The United States has just started renegotiating its free trade deal with Canada and Mexico, but President Trump is already warning the talks may fail.
“Personally, I don’t think we can make a deal because we have been so badly taken advantage of,” Trump said during a rally in Arizona on Tuesday night. “I think we’ll end up probably terminating NAFTA at some point.”
Officials from the U.S., Canada and Mexico met in Washington last week to officially start renegotiating NAFTA, the deal that has bound the three economies together since 1994.
Trump frequently blasted NAFTA on the campaign trail, labeling it “the worst trade deal” in U.S. history and blaming it for the loss of manufacturing jobs in America’s Rust Belt.
But after taking office, Trump agreed to renegotiate the pact rather than moving to kill it straight away. He made the decision in April after talking to the leaders of Canada and Mexico.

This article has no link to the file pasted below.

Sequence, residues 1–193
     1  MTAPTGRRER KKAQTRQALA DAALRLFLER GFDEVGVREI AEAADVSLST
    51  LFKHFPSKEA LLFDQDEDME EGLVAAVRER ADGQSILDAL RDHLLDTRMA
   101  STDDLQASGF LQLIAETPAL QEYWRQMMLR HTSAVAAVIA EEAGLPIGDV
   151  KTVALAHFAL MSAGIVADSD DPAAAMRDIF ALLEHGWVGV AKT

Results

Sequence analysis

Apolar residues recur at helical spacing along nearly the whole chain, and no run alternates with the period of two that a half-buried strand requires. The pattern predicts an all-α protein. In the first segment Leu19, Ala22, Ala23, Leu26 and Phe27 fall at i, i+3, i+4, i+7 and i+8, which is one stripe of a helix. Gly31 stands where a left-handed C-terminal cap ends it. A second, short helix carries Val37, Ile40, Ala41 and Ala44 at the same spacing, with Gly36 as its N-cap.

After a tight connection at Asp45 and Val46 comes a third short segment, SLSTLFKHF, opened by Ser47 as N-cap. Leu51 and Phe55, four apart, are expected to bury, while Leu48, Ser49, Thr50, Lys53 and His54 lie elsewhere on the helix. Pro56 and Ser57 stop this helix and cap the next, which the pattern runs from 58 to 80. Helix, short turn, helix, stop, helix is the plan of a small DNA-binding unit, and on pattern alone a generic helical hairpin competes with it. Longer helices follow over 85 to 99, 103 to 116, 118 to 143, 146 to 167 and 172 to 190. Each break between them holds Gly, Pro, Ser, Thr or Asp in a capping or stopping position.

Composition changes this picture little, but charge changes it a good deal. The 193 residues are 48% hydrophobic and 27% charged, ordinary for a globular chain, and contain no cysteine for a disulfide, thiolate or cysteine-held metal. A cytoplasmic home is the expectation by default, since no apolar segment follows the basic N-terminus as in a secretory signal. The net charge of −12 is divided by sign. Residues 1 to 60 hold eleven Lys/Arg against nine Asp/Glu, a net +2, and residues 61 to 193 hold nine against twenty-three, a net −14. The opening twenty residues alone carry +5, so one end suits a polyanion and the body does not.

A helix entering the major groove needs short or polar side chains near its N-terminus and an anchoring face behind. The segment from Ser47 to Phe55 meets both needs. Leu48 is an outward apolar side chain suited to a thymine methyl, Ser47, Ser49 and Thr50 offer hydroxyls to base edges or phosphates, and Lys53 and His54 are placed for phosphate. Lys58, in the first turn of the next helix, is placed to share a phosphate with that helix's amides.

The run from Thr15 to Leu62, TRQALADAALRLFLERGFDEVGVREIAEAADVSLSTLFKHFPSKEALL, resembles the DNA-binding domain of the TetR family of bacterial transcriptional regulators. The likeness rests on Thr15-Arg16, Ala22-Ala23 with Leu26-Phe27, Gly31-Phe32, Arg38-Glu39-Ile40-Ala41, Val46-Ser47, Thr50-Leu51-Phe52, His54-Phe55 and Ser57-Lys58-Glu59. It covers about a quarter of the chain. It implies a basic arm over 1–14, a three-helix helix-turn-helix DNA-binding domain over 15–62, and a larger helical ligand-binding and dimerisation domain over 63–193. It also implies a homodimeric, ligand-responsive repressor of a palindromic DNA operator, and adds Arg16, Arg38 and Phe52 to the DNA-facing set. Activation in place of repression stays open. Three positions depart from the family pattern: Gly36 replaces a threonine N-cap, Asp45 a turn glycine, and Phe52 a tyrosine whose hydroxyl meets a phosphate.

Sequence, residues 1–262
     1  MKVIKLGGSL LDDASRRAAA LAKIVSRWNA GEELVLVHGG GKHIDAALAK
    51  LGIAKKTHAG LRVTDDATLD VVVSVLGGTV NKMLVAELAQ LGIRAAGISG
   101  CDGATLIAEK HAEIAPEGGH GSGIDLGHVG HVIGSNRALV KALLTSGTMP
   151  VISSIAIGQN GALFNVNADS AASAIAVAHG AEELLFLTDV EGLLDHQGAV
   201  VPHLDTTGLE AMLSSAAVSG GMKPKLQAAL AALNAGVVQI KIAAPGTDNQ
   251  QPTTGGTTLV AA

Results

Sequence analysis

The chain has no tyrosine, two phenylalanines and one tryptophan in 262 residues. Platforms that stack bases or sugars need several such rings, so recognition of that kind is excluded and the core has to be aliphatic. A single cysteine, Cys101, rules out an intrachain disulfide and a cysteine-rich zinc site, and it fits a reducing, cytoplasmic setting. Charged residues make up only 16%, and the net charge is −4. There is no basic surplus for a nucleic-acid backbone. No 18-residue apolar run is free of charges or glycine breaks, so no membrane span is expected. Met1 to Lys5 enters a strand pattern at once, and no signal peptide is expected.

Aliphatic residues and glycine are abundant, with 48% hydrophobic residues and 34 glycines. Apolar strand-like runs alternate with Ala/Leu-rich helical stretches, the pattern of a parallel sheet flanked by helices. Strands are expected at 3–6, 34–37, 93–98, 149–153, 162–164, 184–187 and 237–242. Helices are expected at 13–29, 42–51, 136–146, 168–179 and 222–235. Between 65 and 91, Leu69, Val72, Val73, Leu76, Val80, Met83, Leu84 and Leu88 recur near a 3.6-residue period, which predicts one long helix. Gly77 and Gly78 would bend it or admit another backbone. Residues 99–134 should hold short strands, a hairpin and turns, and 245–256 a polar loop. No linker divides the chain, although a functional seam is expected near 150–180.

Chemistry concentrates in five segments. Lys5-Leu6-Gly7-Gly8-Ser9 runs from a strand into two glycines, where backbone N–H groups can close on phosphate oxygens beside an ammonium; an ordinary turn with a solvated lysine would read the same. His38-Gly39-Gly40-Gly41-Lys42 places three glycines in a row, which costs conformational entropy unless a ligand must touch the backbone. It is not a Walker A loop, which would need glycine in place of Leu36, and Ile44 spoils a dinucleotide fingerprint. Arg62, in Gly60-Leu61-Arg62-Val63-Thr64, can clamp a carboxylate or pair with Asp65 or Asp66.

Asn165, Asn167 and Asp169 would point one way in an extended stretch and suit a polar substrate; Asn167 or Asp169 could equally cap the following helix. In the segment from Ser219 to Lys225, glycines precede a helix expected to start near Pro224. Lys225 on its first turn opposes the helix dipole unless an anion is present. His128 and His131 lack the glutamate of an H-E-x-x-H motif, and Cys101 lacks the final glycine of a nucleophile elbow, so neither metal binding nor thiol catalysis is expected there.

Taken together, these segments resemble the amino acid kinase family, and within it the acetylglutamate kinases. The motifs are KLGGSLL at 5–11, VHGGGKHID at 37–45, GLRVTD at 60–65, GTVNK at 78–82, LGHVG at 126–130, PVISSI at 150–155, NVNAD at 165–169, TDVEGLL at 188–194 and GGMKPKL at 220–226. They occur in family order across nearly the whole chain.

Terminating NAFTA would be “a pretty big shock to the system,” Trump admitted. He warned, though, that it could still happen if he is “unable to make a fair deal.”
Negotiations between the three countries got off to a tense start last week.
“For countless Americans, this agreement has failed,” U.S. Trade Representative Robert Lighthizer said at a news conference. “We cannot ignore the huge trade deficits, the lost manufacturing jobs, the businesses that have closed or moved because of incentives, intended or not, in the current agreement.”